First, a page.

“People who are homeless are not social inadequates. They are people without homes,” Sheila McKechnie. This Scottish human rights campaigner gets it right. Just days away from Thanksgiving, people all across America have been honoring National Hunger and Homelessness Awareness Week.
As a result of methodological and financial constraints, most studies are limited to counting people who are in shelters or on the streets. While this approach may yield useful information about the number of people who use services such as shelters and soup kitchens, or who are easy to locate on the street, it can result in underestimates of homelessness. Many people who lack a stable, permanent residence have few shelter options because shelters are filled to capacity or are unavailable. A recent study conducted by the U.S. Conference of Mayors found that 12 of the 23 cities surveyed had to turn people in need of shelter away due to a lack of capacity. Ten of the cities found an increase in households with children seeking access to shelters and transitional housing while six cities cited increases in the numbers of individuals seeking these resources (U.S. Conference of Mayors, 2007).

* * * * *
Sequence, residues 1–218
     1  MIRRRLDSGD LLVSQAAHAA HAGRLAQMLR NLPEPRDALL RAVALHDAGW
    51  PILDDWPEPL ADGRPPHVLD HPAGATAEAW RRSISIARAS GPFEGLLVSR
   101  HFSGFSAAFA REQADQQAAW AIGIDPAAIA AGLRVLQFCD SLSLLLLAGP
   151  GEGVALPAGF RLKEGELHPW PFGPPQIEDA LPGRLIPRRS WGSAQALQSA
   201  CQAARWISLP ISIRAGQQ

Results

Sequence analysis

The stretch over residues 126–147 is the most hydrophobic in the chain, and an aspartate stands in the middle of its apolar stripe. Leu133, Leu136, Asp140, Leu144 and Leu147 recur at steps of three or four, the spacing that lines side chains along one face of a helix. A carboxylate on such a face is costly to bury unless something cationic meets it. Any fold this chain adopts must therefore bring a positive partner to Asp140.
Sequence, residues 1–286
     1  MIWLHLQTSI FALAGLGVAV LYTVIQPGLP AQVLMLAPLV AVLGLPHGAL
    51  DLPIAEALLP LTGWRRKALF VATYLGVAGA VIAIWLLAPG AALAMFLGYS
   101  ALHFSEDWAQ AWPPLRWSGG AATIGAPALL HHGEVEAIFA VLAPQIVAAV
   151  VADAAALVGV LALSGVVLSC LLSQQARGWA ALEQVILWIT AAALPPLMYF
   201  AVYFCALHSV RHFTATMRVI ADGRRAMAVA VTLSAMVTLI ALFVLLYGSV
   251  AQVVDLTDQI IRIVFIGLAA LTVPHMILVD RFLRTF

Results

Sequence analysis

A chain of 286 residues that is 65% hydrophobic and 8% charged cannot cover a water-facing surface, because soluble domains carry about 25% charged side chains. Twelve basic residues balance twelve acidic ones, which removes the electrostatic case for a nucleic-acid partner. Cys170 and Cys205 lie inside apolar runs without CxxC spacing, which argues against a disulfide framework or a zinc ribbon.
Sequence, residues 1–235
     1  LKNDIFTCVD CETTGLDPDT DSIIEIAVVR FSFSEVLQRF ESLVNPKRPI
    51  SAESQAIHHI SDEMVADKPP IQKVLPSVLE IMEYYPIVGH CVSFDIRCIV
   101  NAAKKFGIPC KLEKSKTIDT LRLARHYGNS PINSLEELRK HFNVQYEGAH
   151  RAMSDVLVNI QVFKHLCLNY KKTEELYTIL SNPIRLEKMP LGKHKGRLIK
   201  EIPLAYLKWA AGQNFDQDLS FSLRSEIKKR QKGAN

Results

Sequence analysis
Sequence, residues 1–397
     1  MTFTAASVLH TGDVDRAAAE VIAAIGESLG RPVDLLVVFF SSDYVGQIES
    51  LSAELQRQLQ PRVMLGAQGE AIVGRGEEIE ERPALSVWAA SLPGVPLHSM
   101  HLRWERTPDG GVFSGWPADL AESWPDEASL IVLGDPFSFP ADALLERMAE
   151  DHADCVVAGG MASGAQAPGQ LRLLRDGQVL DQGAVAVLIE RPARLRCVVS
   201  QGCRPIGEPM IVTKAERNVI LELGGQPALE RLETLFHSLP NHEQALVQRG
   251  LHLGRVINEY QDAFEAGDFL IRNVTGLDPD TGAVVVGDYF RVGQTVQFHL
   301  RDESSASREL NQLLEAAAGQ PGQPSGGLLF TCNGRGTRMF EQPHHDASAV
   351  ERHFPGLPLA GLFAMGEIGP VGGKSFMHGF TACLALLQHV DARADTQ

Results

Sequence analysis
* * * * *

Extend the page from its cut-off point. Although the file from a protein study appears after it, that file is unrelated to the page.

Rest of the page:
The National Coalition for the homeless says that the two trends that are largely responsible for the rise in homelessness over the past 20-25 years are a growing shortage of affordable rental housing and a simultaneous increase in poverty. Recently, foreclosures have increased the number of people who experience homelessness. Since the start of the recession, six million jobs have been lost. In May 2009, the official unemployment rate was 9.4% and it is still climbing. The National Low Income Housing Coalition estimates that 40 percent of families facing eviction due to foreclosure are renters and 7 million households living on very low incomes (31 – 50 percent of Area Median Income) are at risk of foreclosure.
“By it’s very nature, homelessness is impossible to measure with 100% accuracy. More important than knowing the precise number of people who experience homelessness is our progress in ending it. Recent studies suggest that the United States generates homelessness at a much higher rate than previously thought.” The National Coalition is asking us not to care about how many, but to get mobilized with a more empathetic outlook and start doing something about it!